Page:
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Golden Years Memories of 50 Years Ago

The cleverest inventions often fail at what they’re intended to do but then go on to succeed brilliantly elsewhere; one outstanding example being the hovercraft.

We tend to think of the hovercraft as a product of our own age, but the advantages of minimizing or even eliminating contact between hull and water have long been obvious. The first patent in hovercraft design was taken out by John Thornycroft in 1877, but his was the age of steam, and no suitable engine existed.

Once petrol engines were available, designers became interested in reduced‐ contact motorboats again, but now their inspiration was aviation technology. Between 1915 and 1940 prototypes of various stepped hull and hydroplane coastal craft were built in various countries around the world.

World War II put a stop to these developments, but in the 1950s a Norfolk boat‐builder, Christopher Cockerell, decided to revisit Thorneycroft’s patent. Light but powerful engines were plentiful and Cockerell was able to design a way of swirling the air cushion on which his hovercraft would ride that made it more efficient still.

Cockerell’s design won the support of the National Research Development Council, which licensed his 1955 patent to a number of builders including Saunders‐Roe and on 11th June 1959 the four‐seater 28mph SR‐N1 was launched. The craft was then shipped to Calais and on 25th July made the first Channel crossing by hovercraft.

It wasn’t the first into service, though; Vickers‐Armstrong 3 had started a scheduled ferry service across the Dee between Rhyl and Wallasey in July and August 1962. The

second, that year, used the SR‐N2 to cross the Solent between Ryde and Southsea, a service that still runs today, albeit with rather more modern craft!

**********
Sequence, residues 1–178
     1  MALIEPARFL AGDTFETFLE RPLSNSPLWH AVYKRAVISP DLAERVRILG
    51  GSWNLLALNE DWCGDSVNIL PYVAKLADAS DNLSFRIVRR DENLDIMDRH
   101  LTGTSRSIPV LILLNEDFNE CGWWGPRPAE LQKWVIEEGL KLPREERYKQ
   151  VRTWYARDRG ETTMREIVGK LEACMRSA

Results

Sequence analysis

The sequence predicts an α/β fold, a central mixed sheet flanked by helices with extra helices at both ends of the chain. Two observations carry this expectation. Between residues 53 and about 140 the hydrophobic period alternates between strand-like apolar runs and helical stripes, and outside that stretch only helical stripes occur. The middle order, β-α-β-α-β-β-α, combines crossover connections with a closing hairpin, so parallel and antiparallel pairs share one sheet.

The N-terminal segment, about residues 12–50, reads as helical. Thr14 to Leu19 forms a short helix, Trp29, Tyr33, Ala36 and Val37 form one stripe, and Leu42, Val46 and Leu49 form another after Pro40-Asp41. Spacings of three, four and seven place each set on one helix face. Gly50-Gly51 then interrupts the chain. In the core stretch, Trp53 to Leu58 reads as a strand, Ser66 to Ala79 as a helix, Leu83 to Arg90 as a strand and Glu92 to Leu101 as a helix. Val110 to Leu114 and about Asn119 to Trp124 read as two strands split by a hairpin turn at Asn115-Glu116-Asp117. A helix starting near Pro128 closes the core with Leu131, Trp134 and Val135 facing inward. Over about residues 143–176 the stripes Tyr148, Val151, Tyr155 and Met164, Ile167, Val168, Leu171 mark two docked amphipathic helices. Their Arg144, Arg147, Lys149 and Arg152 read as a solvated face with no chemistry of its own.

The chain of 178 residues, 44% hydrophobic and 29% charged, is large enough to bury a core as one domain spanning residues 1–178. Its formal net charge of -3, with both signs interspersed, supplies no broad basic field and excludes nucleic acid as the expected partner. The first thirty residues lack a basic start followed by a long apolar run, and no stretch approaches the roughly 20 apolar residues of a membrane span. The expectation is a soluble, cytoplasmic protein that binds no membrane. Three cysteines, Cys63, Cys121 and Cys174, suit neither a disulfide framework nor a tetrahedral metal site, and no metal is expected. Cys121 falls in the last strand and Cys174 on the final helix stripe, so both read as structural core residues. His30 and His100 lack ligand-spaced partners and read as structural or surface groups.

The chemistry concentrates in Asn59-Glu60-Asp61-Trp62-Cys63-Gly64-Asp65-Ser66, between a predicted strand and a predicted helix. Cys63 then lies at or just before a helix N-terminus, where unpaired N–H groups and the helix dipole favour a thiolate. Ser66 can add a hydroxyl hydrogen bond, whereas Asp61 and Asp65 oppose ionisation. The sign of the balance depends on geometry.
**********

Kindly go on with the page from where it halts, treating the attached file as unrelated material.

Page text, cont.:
But the Channel was the challenge, both technically and commercially. It was open sea, the weather could be rough, and hovercraft had not proved to be terribly robust. (The VA‐3’s career was ended by a storm). However, the potential pickings were rich; international travel was becoming both more affordable and popular and Dover and Folkestone were at full stretch. On 6th April 1966 the 38‐seater SR‐N6 raised itself up on its rubber skirt (an improvement designed not by Cockerell but by a naval officer called Latimer‐Needham), trundled down the Ramsgate beach that would be the service’s home for the next 16 years and set off on the 40‐minute, 35‐mile journey to Calais. Connecting coaches would take passengers on to Paris for £3.7s.6d or Brussels for £2.7s.6d.

Cheaper and faster they might be, but they never really challenged the ferry’s supremacy. The oil crisis of the early ‘70s made them less competitive and the opening of the Channel Tunnel proved a fatal blow. The last two were retired in September 2000, just a year after the death of their inventor.

Hovercraft are still in use around the world but they’ve never eclipsed conventional vessels as was once hoped. However, in 1964 a Swedish engineer, Karl Dahlman, saw an early hovercraft in action…...and invented the Flymo.

Ted Bruning Please menon The Lymington Directory when responding to adversements 15

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